Dodging dietary bullets while outdoors

Hiking and camping require a person to rethink how they make food. Especially when you have heart disease. This post is part of a larger series chronicling my journey to the Olympic Mountains coming up at the end of this summer… and the misadventures, fun, and campfires along the way.

Cooking outdoors is very different than at home. Unless you are of the mindset where you bring an ice box, large format gas stove or equipment to cook over an open fire. I won’t want to carry that much in September up a 6000 ft incline, so I opted for the Jet Boil system last year. Granted, there are even more minimalist cook systems out available. This one just appealed to me because it’s pretty, well, “me” proof.

To prepare good dehydrated meals all you really need is hot water and a freezer bag full of your mix. You combine the two, place it in some sort of insulated cozy and let it steep for 20 to 30 minutes. That’s the formula for most hot meals and proof that you don’t have to buy a Jet Boil if you don’t want too.

Meal planning with heart disease really complicates things. I’m talking about the 80% of the time that I eat clean. Not the 20% where I treat myself to something that elicits memories from the smell, texture and flavor experience. Pulled chicken sandwiches for example which remind me of living back home with my parents when I was a kid.

While I am nowhere near dietician status here, the guidance I have gotten, and rules I follow, are somewhere between Mediterranean, AHA Guidelines and lots and lots of fruits and vegetables with wine at dinner. You don’t have a lot of those options while on the trail however. In my 8 months of hiking research via You Tube I found myself caught between the Ramen Noodle, Jerky, cheese and bacon camp. And I celebrate the folks who don’t have to worry about that stuff, unfortunately for me, these opions have wildly too much sodium, fat, and sugar.

Last year I started experimenting with Mountain House dehydrated foods, saw it on some You Tube videos of young guys losing their marbles on how good that stuff is. And they are really good. But, of course, every meal that appealed to me had the same problem as Ramen noodles or too much fat to for my mind to allow myself to splurge on. From there I moved to several other companies until I found three that I really love. Good To Go, Packit Gourmet and one that my buddy Doug hooked me up with called Outdoor Herbivore (the last being a vegetarian and vegan company which totally fit the 80%).

So I’ve been out the past two weekends doing some testing of hammock gear and one night in my single man tent to try out my lightweight Big Agnes inflatable mattress. Sleeping in a hammock is, by far, my favorite style to date and the subject of a future post soon. During these two overnight trips, I had a chance to try Good To Go Marinara with Penne and the Outdoor Herbivore Summer Tomato sauce with gnocchi, which I incidentally had the pleasure to share with an environmental author, meditation practitioner Buddhist, and activist, J.M. Seligman. That made for a great conversation starter lasting late into the evening. Yeah, Outdoor Herbivore was that good.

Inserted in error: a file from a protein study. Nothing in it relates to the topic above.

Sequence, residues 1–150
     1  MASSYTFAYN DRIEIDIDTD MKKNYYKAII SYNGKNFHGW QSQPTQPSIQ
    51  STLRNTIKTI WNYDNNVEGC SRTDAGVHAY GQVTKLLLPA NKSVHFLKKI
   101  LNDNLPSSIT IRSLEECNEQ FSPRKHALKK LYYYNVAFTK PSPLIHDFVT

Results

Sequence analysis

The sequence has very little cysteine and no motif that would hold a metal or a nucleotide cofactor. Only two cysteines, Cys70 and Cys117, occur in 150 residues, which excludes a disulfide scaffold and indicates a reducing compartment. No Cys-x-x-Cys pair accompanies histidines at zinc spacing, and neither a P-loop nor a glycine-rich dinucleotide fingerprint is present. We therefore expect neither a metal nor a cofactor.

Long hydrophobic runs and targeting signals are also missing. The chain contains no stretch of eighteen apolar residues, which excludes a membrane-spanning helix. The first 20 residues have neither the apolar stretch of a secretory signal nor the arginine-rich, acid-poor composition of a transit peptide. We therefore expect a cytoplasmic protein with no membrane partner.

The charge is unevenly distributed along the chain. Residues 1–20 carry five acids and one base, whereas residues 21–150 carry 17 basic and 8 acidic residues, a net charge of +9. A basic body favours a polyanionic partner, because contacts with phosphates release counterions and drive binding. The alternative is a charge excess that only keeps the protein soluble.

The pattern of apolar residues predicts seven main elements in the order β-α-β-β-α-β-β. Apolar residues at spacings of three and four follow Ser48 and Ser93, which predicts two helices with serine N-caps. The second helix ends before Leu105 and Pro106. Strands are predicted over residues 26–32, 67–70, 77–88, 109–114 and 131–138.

The Good To Go Marinara with Pene was fantastic. I boiled a little over a cup of water, removed the dry packet from the bag, added the water, sealed the bag, stuffed the bag gently into the still warm Jet Boil chamber. I left that to cook for about 30 minutes covered, “stirring” occasionally by removing the bag and massaging the contents gently because it was pretty hot. When it came time to test it, the flavors, aromas and pasta texture were perfect. I would highly recommend this dish to anyone who wants a little quick Italian style meal while outdoors. The bonus is that it only has 300 g of sodium and 1g saturated fat. Now for dehydrated food, that’s pretty damn impressive. Plus… no animal products as it’s vegan is made from whole ingredients.

This past weekend I tried a packet of sauce that my buddy from Portland brought to me on his recent trip to visit his family here in Ohio. That and his idea of using Gnocchi on the trail as a quick alternative to completely dehydrated food. I cooked the sauce by boiling 2 cups of water, adding the contents after turning off the flame, stirring occasionally for 10 minutes and boom! Right there in my canister was an aromatic perfect tomato sauce with onions and vegetables that were still damn crisp. Out of this world. Now my Gnocchi experience was a little underwhelming. I used the sauce to cook that in over 20 minutes, which worked but created a mess and the cooking was inconsistent as it was hotter at the bottom of the chamber than the top. Next time I do this I will probably be using a separate boil pot and strainer for the Gnocchi and then portion that out into individual serving bags for more than one person. All in all, though it was a pretty tasty meal with a great health profile (low salt, low fat, vegan).

To conclude, this is all part of the research I am doing right now to get ready for the Olympic Mountain hike that I am going on with my buddy from Portland in September. We both like food. Have various diet restrictions based on healthy living, and love to be outdoors. The point of all this is that you can, in fact, eat healthy while outdoors and not have to go the bacon, cheese, jerky or salami route that a lot of folks can happily enjoy without consequence. So this is part of the fun. Trying new things, meeting new people, midnight swims and drying off, buck naked, around the campfire. Why wasn’t college calculus like this?!

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